The main purpose of the trip is to see elephant seals and hopefully Orcas, aka killer whales. We knew we were off season to see the remarkable southern right whales, but right in season for the Orcas. At the Northern tip of the peninsular, they often launch themselves only the beach to grab a seal or penguin around high tide. We arrive just in time for high tide.

But alas they are not coming today! And there are no elephant seals either:(

Walkways have been built so far from the sealions that you half wonder if you’re missing an  elephant seal amongst them and the park wardens are a miserable bunch too. It,s cold and windy,with skiddy roads, thank god for Martin’s good driving ! He says the driving is a highlight – but we certainly wouldn’t want to skid right off or we’d land in a pretty deep ditch and the insurance excess deposit is substantial!!

Inside a whale at the museum, looking for orcas and elephant seals in the distance. guanacos and seals who were photographed on full zoom!

Inside a whale at the museum and checking the map, looking for orcas and elephant seals in the distance. guanacos and seals who were photographed on full zoom!

We make the long drive back across the wilderness as the sky blackens and wind and rain pick up and we’re rewarded by a stunning rainbow, we call by sleepy Punta Pirimedes, the only town on the peninsular but it’s so quiet, we’re happy to get back to Madryn and stop for nice meal in town as we’re too tired to shop n cook!

A long days driving across Valdez Penninsular

A long days driving across Valdez Peninsular

Next day is freezing cold and wet. The heating needs to go on! No-one feels like going on a boat to see dolphins as tentatively planned!! So we stay in and the kids play, write postcards and diaries. Lara and I shop at the nearby panaderia (bakery) for lunch and later we head to the Ecocentre Museum which is great. Displays are in English, really educational, we see full size whales through clever filming to look like a tank, orcas coming up on Punta Norte beach to catch sealions where we went yesterday, we learn about the tides and the ocean – 90% of oceans are below 50m and out of sunlight, 80% of deep sea creatures are bio-luminesant  and how the tides are controlled by the position of the earth + moons connection to the Earths gravity…. and if that wasn’t enough the kids are fascinated spotting mini sea creatures in an indoor rock pool.

The Ecocentre Sealife museum in Puerto Madryn provides our only viewing of a (model) elephant seal, a (real) whale skeleton, a superb recycling rt exhibition and some fascinating displays about the oceans and tides.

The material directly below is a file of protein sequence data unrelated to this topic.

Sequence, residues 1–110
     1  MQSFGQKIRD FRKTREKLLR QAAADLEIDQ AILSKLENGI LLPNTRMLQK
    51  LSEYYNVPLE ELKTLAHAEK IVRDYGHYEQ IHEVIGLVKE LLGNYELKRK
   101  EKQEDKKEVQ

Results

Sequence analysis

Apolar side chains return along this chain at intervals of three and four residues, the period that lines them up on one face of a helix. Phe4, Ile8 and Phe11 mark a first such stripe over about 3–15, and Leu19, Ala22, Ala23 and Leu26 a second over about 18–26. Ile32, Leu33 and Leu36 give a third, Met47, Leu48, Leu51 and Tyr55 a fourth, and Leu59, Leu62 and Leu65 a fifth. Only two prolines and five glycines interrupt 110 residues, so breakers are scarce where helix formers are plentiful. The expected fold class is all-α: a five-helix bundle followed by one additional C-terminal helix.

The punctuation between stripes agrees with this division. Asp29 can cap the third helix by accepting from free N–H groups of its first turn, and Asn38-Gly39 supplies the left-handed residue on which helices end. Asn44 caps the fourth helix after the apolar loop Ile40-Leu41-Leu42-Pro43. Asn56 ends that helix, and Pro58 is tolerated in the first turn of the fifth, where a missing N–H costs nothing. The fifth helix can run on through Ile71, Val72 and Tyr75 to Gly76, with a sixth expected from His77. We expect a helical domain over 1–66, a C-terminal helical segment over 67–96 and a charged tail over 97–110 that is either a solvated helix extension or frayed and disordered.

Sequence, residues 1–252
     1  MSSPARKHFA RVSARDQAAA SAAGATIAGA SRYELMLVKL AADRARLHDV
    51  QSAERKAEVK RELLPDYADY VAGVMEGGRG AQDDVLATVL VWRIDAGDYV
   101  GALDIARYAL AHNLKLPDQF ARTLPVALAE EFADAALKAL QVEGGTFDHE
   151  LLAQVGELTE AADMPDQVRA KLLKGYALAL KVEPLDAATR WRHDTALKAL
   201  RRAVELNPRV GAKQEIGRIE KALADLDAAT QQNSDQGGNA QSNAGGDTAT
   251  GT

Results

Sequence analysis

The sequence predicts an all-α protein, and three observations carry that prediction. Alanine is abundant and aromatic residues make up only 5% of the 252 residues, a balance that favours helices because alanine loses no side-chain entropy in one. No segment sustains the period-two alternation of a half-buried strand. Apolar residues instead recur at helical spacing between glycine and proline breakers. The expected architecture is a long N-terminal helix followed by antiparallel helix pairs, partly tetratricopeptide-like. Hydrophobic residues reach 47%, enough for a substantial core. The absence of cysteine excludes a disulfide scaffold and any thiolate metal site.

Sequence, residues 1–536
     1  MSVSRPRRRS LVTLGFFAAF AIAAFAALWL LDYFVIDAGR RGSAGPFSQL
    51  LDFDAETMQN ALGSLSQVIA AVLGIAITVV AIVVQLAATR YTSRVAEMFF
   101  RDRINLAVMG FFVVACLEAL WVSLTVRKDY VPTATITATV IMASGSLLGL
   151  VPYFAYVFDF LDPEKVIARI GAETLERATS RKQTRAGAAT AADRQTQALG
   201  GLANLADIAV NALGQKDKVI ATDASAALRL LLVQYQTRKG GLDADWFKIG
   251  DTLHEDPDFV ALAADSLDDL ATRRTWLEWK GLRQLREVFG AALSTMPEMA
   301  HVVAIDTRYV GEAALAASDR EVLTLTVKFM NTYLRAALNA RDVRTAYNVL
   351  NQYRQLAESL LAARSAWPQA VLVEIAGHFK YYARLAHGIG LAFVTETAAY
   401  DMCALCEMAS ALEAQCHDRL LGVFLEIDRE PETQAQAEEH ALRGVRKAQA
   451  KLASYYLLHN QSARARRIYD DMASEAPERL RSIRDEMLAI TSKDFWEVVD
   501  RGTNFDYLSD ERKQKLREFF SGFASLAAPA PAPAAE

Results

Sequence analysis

The Ecocentre museum in Puerto Madryn provides our only viewing of a (model) elephant seal, a (real) whale skeleton, a superb recycling art exhibition and some fascinating displays about the oceans and tides.

Then we head back along to the town centre beach and playground. Lara makes friends, Ben runs with me for a bit up the beach, I run for around 10 minutes, Zoe does handstands and cartwheels, then beats me in a short sprint!! I’m getting old! We find an artisan pasta shop and have a tasty dinner in!

The next day is our last, a late start and a killer to pack and leave! There’s only time for a visit to another playground on the beach and a picnic and I manage another run of about 12 minutes. It’s going to take some hard work to get back into a running routine.  Its 5 months since I fell and needed stitches in my knee in the Galapagos and it’s 99% healed. I simply need to find the time and motivation to run regularly again!

Leaving Puerto Madryn & Ruca Hue motel

Leaving Puerto Madryn & Ruca Hue Motel

We drop the car back and walk to the bus station … The bus is over 2 hours late but no-one really minds as the kids run around with luggage trolleys and we get some reading time sitting in the sun.  It’s an overnighter and we booked Cama seats downstairs… but unlike other services we’ve been on, rather lacking, no blankets, pillows or curtain although food is great but served too late (after 11!!) for girls to stay up for!

We’ve been unlucky with weather and wildlife in Puerto Madryn and the Peninsular Valdez but still seen more than enough to enjoy our visit and to want to return. The beach is divine and we would come back in whale season in a flash where I gather you can even see them from the beach and the pier. There is plenty of other wildlife to enjoy – penguins, guanaco’s and armadillos to name but a few but more about them in Ben’s upcoming wildlife post.

2 Comments (+add yours?)

  1. TW and Jo
    Jun 21, 2013 @ 12:17:44

    Wow. Gorgeous pictures. Love the ones from Punta Tomba. We were at Puerto Madryn a while back and one of our greatest regrets was that we were not there during the penguin season!

    Reply

    • Mo
      Jun 21, 2013 @ 23:04:19

      Thank you TW and Jo! Yes, those penguins were fun and so funny as they were half way through shedding their fluffy feathers! Its certainly a seasonal place, but did you see southern right whales?

      Reply